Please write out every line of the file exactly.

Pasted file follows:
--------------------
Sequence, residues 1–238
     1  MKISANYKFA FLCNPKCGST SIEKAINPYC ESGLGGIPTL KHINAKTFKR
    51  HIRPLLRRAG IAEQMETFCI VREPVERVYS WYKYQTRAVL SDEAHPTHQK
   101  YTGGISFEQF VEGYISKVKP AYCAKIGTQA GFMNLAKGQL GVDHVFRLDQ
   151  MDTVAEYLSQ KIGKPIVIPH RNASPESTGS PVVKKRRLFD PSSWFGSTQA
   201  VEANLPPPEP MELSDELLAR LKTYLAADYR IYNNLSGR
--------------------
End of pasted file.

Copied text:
Sequence, residues 1–238
     1  MKISANYKFA FLCNPKCGST SIEKAINPYC ESGLGGIPTL KHINAKTFKR
    51  HIRPLLRRAG IAEQMETFCI VREPVERVYS WYKYQTRAVL SDEAHPTHQK
   101  YTGGISFEQF VEGYISKVKP AYCAKIGTQA GFMNLAKGQL GVDHVFRLDQ
   151  MDTVAEYLSQ KIGKPIVIPH RNASPESTGS PVVKKRRLFD PSSWFGSTQA
   201  VEANLPPPEP MELSDELLAR LKTYLAADYR IYNNLSGR